Lithuanian public television’s Sunday news program featured successful efforts by Lithuanian foreign minister Linas Linkevičius to get EU foreign ministers at the same table with Israel’s prime minister Binyamin Netanyahu. The overture for the first informal meeting with an Israeli PM in 22 years came before US president Donald Trump’s controversial decision to move the US embassy from Tel Aviv to Jerusalem. Linkevičius said he was motivated by the need for face-to-face contact between the parties, even if they do not agree on all the issues. President Trump’s decision made the meeting more urgent in the search for ways to control increased tensions. After the meeting Linkevičius presented Netanyahu a replica of the statue of a small girl the Šeduva Jewish Memorial Foundation commissioned from sculptor Romas Kvintas and erected in central Šeduva to commemorate the former Jewish shtetl there.
The television program also featured an interview with Lithuanian Jewish Community chairwoman Faina Kukliansky. An excerpt translated to English follows.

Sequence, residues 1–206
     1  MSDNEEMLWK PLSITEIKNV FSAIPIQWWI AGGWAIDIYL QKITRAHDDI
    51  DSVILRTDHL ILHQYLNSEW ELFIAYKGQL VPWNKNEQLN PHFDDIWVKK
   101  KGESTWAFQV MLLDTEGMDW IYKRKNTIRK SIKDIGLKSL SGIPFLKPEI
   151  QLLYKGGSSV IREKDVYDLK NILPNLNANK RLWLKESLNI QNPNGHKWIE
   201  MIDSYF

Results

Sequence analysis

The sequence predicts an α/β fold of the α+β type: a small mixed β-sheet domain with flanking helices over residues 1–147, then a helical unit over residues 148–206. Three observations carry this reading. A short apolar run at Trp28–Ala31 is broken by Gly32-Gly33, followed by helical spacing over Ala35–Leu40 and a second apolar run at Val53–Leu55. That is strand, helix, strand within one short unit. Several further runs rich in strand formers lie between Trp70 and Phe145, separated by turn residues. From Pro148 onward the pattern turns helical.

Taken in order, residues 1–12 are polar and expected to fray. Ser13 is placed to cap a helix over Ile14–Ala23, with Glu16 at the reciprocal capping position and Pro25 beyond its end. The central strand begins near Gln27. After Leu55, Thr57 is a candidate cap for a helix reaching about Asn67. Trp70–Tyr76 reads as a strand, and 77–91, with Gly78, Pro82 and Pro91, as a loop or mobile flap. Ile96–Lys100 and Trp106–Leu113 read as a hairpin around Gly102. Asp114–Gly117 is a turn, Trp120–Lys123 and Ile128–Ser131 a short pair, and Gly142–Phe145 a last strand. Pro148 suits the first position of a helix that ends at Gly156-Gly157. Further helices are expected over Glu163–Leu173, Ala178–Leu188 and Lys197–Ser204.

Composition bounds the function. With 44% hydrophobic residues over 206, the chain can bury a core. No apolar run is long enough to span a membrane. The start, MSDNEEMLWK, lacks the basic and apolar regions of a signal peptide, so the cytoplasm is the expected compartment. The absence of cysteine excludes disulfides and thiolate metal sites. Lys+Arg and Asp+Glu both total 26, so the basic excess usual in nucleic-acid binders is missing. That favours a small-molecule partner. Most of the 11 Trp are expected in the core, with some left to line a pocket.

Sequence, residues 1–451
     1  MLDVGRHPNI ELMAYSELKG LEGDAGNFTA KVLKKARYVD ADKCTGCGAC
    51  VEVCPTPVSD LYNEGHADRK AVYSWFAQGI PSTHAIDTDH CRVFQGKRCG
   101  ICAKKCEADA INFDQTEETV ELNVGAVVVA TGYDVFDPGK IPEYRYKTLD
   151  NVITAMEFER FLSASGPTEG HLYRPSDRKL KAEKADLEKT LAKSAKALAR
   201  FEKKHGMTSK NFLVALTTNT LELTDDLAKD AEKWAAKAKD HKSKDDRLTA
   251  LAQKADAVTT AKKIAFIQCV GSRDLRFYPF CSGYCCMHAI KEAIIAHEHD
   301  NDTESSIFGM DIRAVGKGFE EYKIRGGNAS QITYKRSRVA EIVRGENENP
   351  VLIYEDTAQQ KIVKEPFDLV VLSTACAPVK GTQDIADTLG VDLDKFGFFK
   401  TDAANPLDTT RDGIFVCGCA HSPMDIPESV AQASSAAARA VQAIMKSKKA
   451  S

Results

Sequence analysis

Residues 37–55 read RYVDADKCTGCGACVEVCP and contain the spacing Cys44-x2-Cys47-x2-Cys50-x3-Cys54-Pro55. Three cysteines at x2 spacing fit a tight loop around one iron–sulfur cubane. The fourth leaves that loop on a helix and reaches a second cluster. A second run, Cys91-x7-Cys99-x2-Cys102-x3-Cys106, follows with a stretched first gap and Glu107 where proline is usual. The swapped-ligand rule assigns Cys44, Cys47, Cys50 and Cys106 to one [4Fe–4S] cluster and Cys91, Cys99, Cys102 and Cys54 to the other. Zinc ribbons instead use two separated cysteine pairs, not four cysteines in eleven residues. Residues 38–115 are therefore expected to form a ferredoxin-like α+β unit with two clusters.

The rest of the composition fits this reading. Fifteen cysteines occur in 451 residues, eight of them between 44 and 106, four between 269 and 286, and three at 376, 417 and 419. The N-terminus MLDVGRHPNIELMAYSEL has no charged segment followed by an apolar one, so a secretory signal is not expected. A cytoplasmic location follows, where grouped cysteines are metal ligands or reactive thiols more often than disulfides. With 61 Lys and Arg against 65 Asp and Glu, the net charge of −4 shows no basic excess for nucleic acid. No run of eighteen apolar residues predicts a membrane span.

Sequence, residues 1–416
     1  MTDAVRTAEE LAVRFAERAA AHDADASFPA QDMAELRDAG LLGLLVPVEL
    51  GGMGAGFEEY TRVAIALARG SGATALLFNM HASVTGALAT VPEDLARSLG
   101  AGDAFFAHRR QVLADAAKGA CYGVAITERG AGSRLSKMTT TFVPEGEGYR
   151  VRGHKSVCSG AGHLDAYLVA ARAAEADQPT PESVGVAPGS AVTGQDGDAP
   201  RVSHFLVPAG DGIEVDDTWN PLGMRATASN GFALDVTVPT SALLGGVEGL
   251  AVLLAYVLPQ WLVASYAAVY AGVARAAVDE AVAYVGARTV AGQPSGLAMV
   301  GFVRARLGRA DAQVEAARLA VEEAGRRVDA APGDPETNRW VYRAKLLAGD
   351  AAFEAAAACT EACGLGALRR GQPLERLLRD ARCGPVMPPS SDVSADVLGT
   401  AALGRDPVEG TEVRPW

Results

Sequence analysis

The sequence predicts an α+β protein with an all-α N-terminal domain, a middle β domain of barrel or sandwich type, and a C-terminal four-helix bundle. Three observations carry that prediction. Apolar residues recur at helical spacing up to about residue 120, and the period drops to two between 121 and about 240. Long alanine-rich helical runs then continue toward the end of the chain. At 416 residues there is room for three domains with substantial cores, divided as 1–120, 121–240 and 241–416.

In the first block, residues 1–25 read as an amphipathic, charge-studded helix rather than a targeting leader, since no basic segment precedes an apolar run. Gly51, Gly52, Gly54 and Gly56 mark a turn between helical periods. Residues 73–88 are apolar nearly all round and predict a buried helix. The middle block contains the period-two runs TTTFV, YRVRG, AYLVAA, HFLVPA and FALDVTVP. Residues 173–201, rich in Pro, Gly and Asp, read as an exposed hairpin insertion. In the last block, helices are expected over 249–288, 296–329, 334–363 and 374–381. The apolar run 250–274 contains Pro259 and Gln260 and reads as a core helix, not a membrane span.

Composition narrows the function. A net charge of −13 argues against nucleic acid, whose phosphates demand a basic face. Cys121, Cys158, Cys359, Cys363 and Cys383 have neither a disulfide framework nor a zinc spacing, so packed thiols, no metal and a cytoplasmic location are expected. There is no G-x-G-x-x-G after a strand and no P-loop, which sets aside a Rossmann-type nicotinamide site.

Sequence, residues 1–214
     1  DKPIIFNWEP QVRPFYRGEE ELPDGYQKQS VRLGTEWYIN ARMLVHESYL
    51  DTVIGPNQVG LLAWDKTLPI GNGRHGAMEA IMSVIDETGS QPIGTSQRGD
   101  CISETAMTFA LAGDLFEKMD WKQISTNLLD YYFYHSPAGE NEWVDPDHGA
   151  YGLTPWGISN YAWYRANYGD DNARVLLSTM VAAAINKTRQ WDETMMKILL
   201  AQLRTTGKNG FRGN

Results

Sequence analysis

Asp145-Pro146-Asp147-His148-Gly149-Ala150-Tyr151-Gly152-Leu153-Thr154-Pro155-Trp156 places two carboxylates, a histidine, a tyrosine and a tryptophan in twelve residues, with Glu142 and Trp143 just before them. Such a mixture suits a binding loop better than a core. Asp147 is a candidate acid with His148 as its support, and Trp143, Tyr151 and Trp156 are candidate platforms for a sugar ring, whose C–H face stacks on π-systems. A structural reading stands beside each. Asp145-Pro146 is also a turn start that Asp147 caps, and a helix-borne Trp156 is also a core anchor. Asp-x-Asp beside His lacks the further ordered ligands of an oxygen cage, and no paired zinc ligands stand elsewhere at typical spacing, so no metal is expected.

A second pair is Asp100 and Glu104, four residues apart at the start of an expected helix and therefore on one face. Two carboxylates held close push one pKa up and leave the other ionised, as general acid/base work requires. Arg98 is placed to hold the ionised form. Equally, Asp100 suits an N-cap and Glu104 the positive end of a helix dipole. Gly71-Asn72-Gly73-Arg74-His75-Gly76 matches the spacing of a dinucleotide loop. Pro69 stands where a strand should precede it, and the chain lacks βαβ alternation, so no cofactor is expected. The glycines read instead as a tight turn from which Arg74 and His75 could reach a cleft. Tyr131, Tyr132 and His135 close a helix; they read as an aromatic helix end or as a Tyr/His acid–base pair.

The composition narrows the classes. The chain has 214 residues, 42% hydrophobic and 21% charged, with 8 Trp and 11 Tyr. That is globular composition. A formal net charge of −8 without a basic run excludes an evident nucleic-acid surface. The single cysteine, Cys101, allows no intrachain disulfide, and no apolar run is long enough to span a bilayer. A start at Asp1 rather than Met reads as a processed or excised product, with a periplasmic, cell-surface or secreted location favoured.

“We are very glad our foreign minister invited Mr. Netanyahu. We are very glad a Lithuanian representative has become the leading mediator between the Israeli prime minister and the European Union. Relations between Lithuania and Israel are very important to us. This is quite natural. Lithuania is our homeland but Israel is our historical homeland. It should be said that since Lithuanian independence relations between Lithuania and Israel have never been better than they are now. …”
Asked about the Holocaust, chairwoman Kukliansky said:
“We can’t change what happened in history. I don’t think, however, that what happened during the Holocaust in Lithuania should today have some sort of influence on relations between Lithuania and Israel. On the other hand, I am saddened that discussions about Lithuanian collaboration in the Holocaust sometimes engenders such impassioned reactions, and I think, at the state level, these discussions need to be started, and finished. I see one of the opportunities for doing this, and that’s the educational system which, over 27 years of independence, hasn’t been able to do anything to tell and explain the Holocaust to the younger generation. That’s why certain publications, the appearance of certain books, causes such a negative reaction, which shouldn’t happen, if people knew better.”
Full newscast in Lithuanian available here, with interview at about 23 minutes in: